• 20 for alpha radiation
  • 2.5 - 20 for neutrons depending on the energy

The SI unit for equivalent dose is the sievert (Sv)

49

"Acute Radiation Syndrome"

 

Definition

Is an acute illness caused by irradiation of the entire body (or most of the body) by a high dose of penetrating radiation (exceeding aboiut 1 Gy).

 

The syndrome usually begins within the first few hours or days following exposure, depending on the dose received.

 

Symptoms within minutes if greater than 10 Gy

 

50

Acute Radiation Syndrome

 

Symptoms

  • Decrease in blodd cell counts
  • Gastro-intestinal symptoms
  • Fever
  • Infections
  • Bleeding
  • Hair loss
  • Central Nervous system disorder

51

What is considered a lethal radiation dose in 50% of the population?

3.5 to 4.5 Gy

 

One half of the population will not survive beyond 30 days without treatment

52

Cutaneous Radiation Syndrome

Significant contamination with beta-emitting radioactive materials as well as exposure of the skin to X-ray or gamma radiation can lead to severe burns.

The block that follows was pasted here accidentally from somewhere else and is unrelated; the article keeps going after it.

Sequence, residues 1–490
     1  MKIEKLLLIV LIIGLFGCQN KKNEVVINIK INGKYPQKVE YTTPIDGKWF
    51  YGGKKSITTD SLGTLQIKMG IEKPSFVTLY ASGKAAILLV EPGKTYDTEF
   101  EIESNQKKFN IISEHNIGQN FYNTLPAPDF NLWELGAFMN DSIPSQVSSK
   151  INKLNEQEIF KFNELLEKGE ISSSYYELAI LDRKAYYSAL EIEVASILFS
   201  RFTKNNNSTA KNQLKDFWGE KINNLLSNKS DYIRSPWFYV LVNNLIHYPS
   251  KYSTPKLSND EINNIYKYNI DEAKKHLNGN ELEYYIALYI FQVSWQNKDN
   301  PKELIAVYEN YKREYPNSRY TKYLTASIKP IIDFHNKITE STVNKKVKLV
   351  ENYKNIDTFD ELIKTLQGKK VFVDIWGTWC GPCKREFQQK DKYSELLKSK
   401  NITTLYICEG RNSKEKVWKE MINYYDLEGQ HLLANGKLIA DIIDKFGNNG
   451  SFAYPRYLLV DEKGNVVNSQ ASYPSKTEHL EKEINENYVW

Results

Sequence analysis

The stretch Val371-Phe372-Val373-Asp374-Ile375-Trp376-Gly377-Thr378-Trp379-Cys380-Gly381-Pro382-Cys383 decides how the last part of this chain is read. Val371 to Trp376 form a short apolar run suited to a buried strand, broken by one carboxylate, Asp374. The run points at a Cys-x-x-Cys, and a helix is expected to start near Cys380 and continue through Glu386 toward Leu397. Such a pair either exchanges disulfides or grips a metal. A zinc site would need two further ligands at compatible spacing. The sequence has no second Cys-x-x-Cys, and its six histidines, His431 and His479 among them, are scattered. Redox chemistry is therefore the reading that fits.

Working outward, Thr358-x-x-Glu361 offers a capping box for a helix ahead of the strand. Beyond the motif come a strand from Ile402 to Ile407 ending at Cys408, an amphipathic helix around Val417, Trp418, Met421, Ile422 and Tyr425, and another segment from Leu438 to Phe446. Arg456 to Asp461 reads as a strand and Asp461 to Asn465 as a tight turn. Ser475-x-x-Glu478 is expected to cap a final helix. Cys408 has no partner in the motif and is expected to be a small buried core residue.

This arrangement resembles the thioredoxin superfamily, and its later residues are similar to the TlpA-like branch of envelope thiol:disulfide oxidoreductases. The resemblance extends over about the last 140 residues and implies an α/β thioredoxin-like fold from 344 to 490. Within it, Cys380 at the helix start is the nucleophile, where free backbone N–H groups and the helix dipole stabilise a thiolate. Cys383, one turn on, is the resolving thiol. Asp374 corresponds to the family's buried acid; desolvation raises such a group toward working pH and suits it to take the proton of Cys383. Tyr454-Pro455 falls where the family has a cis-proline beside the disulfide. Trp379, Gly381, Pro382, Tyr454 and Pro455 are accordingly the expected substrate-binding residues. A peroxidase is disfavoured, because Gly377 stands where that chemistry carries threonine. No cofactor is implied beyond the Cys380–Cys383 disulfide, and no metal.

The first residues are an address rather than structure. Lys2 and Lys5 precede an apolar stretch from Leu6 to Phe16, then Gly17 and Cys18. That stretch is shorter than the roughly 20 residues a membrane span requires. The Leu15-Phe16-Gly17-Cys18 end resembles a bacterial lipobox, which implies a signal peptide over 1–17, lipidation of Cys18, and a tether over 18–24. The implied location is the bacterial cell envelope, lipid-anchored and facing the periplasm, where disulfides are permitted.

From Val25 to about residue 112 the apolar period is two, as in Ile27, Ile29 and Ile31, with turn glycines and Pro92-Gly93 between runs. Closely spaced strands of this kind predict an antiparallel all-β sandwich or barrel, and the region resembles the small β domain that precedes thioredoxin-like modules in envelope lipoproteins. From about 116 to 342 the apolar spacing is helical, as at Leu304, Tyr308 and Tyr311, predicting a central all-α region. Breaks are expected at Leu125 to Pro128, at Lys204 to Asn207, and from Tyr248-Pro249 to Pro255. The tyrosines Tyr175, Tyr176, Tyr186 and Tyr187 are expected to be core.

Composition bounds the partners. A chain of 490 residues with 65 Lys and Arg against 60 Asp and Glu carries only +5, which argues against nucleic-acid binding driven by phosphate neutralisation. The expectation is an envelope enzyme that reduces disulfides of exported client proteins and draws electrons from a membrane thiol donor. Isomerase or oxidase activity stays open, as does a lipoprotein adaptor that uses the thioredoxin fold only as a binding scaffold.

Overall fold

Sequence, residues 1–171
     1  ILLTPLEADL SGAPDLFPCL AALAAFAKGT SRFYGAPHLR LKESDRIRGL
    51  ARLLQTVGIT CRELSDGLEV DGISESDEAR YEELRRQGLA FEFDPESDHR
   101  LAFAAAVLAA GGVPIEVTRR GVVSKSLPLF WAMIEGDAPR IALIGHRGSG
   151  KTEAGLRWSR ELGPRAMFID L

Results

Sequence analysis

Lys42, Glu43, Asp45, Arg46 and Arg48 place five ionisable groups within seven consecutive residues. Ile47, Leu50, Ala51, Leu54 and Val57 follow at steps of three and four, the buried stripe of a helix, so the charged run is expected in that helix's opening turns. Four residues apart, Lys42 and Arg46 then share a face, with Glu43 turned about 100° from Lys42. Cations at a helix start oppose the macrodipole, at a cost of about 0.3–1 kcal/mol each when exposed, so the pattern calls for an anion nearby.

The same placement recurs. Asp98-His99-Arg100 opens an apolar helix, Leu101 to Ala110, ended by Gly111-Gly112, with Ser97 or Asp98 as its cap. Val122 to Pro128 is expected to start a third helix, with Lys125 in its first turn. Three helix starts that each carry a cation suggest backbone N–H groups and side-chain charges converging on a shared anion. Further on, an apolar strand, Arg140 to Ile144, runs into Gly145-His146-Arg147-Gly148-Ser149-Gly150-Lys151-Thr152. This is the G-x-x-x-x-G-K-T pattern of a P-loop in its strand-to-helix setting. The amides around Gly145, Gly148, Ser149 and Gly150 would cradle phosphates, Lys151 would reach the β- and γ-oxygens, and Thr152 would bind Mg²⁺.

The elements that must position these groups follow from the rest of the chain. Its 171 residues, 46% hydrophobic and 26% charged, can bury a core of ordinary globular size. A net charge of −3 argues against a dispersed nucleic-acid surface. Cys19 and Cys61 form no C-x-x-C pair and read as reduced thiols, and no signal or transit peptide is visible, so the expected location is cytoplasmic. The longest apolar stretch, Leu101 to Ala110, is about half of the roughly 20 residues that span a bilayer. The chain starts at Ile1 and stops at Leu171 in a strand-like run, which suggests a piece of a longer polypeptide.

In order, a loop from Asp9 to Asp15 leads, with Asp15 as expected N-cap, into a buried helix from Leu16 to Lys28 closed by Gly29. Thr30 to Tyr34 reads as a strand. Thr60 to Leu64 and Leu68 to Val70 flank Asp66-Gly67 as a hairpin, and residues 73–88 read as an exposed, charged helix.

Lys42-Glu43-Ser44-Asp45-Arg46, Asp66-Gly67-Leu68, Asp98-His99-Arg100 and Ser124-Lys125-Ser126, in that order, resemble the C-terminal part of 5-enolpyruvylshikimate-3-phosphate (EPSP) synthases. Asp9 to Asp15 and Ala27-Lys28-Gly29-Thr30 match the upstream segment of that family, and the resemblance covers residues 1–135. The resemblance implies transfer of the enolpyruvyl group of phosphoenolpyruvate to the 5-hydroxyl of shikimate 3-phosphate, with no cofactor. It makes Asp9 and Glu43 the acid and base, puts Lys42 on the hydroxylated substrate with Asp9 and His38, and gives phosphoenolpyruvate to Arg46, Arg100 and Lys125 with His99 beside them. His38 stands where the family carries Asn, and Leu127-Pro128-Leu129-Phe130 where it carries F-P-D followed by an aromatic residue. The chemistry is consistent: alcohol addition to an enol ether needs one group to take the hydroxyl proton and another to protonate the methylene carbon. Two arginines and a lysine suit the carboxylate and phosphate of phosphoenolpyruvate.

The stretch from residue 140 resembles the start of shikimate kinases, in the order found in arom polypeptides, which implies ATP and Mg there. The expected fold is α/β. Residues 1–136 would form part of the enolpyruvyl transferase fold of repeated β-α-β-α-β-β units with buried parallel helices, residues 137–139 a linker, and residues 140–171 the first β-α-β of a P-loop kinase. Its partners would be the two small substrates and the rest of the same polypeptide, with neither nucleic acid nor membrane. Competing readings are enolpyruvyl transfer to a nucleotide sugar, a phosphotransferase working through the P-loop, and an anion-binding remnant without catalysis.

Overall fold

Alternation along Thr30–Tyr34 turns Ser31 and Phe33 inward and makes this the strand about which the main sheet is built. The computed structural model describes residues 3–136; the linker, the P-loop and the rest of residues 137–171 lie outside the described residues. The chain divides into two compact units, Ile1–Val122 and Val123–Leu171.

53

What are the three cardinal prinicples of radiation protection?

Justification: Any decision that alters radiation exposure situation should do more good than harm.

Optimization of Protection: The likelihood of incurring exposure, the number of people exposed, and the magnitude of their individual doses should all be kept as low as achievable.

Application of Dose Limits: The total dose to any individual from regulated sources in planned exposure situations other than medical exposure of patients should not exceed the appropriate limits specified by the ICRP. 

 

54

What are the dose limits for radiation protection

 

International Commission on Radiological Protection

​Radiation Workers

  • 50 mSv in any one year
  • Not more than 100 mSv in a 5 year period.

​General Public

  • 1 mSv per year from all licensed applications of radiation

55

What is the effective dose limit in emergencies?

 

500 mSv

 

 

56

Personal Dosimeters

Used to measure radiation dose of externally exposed individuals. They are used for detecting changes in readiation levels in the workplace and to provide information in case of accidental exposures.

57

TLDs

Thermo-Luminescent Dosimeters (TLDs) consists of a detector which, when heated after an exposure to radiation, gives off light in proportion to the dose received